Violation of Human Rights

The epidemic of violence against American Indian and Alaska Native women highlights the United States’ failure not only under its own law, including the trust responsibility to Indian nations “to assist tribal governments in safeguarding the lives of Indian women,” but also under international human rights law. Perhaps the most basic human right recognized under international law is the right to be free of violence. 

Since 2007, the Center has been collaborating with Native women's organizations and tribes on a national strategy−a strategy that reframes the issue of violence against Native women as a human rights issue, not just a domestic or law enforcement issue. This strategy combines domestic and international advocacy and uses various types of media to raise awareness, generate support, and urge action to restore safety to Native women.

Through international advocacy, the Center and its partners not only educate, but also add world pressure on the United States to meet its obligations to end all forms of violence and discrimination against Native women. The Center and its partners have raised awareness about violence against Native women in the United States within the United Nations through its Committee on the Elimination of Racial Discrimination, Special Rapporteur on Contemporary Forms of Racism, Special Rapporteur on Violence Against Women, Special Rapporteur on the Rights of Indigenous Peoples, Permanent Forum on Indigenous Issues, Commission on the Status of Women, and Human Rights Council.

On September 22-23, 2014, the United Nations held its first ever World Conference on Indigenous Peoples at its headquarters in New York City.  Some 38 indigenous peoples from the United States attended, including 15 Native women. Remarkably, five American Indian and Alaska Native women were selected to speak on behalf of various tribes and organizations to the Conference.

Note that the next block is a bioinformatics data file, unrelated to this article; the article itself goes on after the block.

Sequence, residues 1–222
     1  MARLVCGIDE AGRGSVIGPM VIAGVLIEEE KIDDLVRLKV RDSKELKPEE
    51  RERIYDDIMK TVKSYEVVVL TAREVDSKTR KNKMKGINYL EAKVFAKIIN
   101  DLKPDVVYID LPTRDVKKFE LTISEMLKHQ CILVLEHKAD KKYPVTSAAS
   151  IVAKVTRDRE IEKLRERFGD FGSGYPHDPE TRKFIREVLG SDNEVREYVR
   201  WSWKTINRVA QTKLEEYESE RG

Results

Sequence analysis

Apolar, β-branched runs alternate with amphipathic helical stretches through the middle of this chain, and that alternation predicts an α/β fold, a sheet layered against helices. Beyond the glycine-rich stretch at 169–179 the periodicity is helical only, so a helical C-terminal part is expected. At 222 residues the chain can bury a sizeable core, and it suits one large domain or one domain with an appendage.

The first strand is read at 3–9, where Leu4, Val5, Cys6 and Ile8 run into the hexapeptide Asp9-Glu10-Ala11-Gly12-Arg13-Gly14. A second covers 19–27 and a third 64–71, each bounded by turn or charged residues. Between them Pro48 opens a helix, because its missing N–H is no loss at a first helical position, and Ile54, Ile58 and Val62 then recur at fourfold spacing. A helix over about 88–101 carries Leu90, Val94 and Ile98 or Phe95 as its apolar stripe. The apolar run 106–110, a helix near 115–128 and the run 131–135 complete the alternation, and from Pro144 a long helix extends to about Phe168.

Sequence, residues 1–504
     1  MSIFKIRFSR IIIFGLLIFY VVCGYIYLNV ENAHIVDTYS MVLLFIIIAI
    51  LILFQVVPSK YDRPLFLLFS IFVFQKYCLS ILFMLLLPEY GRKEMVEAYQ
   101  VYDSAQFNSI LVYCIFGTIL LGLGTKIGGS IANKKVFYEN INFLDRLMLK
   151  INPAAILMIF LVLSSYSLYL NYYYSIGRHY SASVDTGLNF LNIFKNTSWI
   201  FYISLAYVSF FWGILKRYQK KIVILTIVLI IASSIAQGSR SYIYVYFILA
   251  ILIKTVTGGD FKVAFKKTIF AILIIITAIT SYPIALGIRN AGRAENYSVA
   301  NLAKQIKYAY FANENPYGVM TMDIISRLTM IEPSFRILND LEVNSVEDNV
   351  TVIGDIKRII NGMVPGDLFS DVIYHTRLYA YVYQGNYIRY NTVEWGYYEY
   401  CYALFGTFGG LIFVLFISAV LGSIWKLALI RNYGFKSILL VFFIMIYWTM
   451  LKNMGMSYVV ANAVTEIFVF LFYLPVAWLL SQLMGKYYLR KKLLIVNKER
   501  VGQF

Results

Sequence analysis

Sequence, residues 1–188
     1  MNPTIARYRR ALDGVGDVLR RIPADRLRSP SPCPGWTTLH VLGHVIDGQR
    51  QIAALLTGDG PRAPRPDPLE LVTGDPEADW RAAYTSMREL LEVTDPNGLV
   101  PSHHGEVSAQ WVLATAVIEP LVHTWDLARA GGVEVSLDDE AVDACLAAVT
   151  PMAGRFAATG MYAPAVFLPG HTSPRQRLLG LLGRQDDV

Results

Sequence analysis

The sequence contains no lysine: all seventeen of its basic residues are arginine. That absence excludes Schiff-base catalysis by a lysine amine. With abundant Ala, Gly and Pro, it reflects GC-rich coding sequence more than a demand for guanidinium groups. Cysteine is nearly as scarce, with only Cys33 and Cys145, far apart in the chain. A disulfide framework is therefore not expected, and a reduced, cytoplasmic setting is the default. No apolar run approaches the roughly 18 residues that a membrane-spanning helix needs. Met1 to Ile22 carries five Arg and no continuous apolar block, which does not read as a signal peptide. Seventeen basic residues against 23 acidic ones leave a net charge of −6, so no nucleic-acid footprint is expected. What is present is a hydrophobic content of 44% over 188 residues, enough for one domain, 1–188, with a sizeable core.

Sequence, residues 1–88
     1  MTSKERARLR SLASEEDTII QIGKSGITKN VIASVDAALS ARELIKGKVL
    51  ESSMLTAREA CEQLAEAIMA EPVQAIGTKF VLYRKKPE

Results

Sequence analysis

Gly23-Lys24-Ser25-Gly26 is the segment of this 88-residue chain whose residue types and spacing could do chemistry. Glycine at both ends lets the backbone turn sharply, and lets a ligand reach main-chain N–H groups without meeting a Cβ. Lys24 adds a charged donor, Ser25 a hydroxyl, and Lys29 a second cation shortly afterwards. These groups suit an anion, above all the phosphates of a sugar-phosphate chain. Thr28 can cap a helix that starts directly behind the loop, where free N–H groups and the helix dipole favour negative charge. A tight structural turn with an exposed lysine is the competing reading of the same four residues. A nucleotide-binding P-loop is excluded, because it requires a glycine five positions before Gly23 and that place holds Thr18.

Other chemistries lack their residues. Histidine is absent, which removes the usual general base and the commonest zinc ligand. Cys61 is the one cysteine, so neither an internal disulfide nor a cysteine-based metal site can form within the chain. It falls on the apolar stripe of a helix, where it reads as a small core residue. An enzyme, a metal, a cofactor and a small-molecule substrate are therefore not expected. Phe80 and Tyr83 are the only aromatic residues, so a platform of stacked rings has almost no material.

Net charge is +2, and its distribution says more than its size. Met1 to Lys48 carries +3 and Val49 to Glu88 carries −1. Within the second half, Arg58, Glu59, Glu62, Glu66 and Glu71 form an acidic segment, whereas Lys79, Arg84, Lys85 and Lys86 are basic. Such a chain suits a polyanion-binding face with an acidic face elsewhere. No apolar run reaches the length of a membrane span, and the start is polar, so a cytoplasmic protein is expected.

Over 1,000 indigenous peoples attended from all over the world to witness the United Nations General Assembly adopt an outcome document dedicated to implementation of the UN Declaration on the Rights of Indigenous Peoples. The outcome document, among other things, calls on the UN to advance the rights of indigenous peoples by addressing violence against indigenous women.

The Center and its partners also have brought international attention to violence against Native women within the Organization of American States. In 2008, on behalf of numerous nonprofit organizations and tribal governments, the Center and Sacred Circle National Resource Center to End Violence Against Native Women submitted an amicus brief in support of Jessica Gonzales Lenahan, who filed the first human rights case involving domestic violence in any international body against the United States. The case, which involved the deliberate failure of local police to enforce a domestic violence protection order, did not arise in Indian country. However, it has major implications for Native women who rarely see their abusers brought to justice.

In 2011, the Center and its partners, the NCAI Task Force on Violence Against Native Women and the National Indigenous Women’s Resource Center, participated in the first ever thematic hearing on violence against Native women in the United States before the Inter-American Commission on Human Rights. The Commission has since expressed concern about violence against indigenous women in the United States, noting that such situations tend to be accompanied by impunity and urging the United States to address this violence through laws, policies, and programs. The Center also has worked to press for provisions in the draft American Declaration on the Rights of Indigenous Peoples that would offer protections for indigenous women stronger than those in the UN Declaration on the Rights of Indigenous Peoples.

Much more must be done to end violence and discrimination against all indigenous women everywhere. The time is now.